"The Bluffton Carnival Rag"


To illustrate this point, listen to three recordings where Hylands sounds like the composition of these rags("Ragamuffin" particularly has that feel):
(of course there are plenty more examples out there!)

See! They're so similar! Of course, things like this aren't too surprising, since Karns and Hylands were from the same region, and were literally from the next town over from each other. This is something that us collectors come across rather often, so it doesn't come as a surprise, though how often do we get to hear a pianist from a certain region from sheet music, and get to compare it with a recording star from exactly the same time? Not too often does this happen, particularly as early as the 1890's. It seems little strange however that Karns played the same way that Hylands did, at exactly the same time, and Hylands had been removed from Indiana since 1892 by the time he was recording. Not to mention that Karns was ten years younger than Hylands, and had only been playing piano since about age 7 or so, which would have been since 1889. I guess it makes sense. It's not far removed from Hylands' style that developed only a few years before that or so. That means that this distinct style must have been deeply rooted in the area of northeastern Indiana and western Ohio, so much so that even two musicians born a decade apart in the area would sound almost exactly the same.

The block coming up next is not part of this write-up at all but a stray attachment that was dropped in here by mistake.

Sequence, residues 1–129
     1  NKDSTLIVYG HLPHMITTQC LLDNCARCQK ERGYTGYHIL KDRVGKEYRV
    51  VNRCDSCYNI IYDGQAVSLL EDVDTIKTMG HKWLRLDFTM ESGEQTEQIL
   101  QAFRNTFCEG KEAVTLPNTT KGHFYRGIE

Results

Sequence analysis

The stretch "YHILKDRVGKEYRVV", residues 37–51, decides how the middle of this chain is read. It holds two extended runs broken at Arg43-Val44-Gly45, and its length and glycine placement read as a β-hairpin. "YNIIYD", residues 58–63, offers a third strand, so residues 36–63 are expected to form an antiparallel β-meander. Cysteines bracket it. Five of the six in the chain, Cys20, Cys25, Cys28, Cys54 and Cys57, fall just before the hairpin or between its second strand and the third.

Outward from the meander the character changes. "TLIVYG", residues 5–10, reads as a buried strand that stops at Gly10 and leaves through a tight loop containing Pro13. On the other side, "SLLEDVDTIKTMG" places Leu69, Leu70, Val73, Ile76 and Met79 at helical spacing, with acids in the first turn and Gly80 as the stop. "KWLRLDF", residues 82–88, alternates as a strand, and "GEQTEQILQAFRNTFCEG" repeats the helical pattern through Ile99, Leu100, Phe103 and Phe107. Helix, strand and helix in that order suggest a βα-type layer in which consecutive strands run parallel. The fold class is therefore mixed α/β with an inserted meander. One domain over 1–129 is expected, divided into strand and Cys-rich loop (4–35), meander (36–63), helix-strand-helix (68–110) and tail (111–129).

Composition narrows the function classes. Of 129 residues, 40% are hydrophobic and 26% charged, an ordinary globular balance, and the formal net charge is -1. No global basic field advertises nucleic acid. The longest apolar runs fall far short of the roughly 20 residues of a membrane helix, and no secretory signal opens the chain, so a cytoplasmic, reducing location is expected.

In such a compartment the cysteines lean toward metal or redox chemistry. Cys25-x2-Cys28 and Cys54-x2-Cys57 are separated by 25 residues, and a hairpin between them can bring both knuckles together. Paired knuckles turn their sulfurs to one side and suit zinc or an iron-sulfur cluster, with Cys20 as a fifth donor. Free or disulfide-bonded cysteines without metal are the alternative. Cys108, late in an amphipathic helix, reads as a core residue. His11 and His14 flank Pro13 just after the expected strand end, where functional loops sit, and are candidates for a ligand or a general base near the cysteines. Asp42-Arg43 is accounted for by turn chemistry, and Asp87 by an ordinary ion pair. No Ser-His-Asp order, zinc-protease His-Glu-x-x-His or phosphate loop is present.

Also! I have been meaning to share this interesting recording for a long while, and it's a real good one to study! It's a 1901 Climax record of a medley of Coon songs by Ruby Brooks, or that's what it's supposed to be anyhow. It actually turned out to be recorded as something really different than that. It turned out to sound more like a piano solo with scant banjo accompaniment. Since this is a Climax record(technically Columbia), that pianist ought to be Fred Hylands! 
Here you go:
Where's the banjo? That's the point here.
I don't think they meant for the record to sound this way, but it just happened to turn out that way. 
Anyhow, this recording is really significant because it's the closest thing we've got so far to a piano solo by Hylands, of course, that's only true if none of those other solos we've heard aren't actually of him playing.

I really want to think that the first one is an audition record for Columbia in 1897. Of course, it's not likely, but anything's possible on these terms. These piano solos scattered around all over the place are interesting to listen to, because oftentimes they are actually some of the best-made recordings out there, all the more reason to debunk the misconceptions people have about recording the piano in the brown wax era.  These unknown solos are often the most unusual sounding things to us, since we're not really used to hearing just piano on these records:

Most of these aren't very good, but there are occasionally ones that get us wondering about their origins. Some of them sound like commercial recordings, like the "Greater San Francisco" march brown wax. Which was actually recorded around 1906, as per the date of publication of the piece. The recording of "Sobre Las Olas" is just as nice, and well recorded as well. These are important strange recordings to study, even though some of them are less than mediocre. Luckily, the good ones in the mix a really good!

Haven't too much to say, but I'm sorry about taking so long of a gap since my last post. It's been real busy and stuff. 
Hope you enjoyed this! Next post will be longer and won't be so long awaited.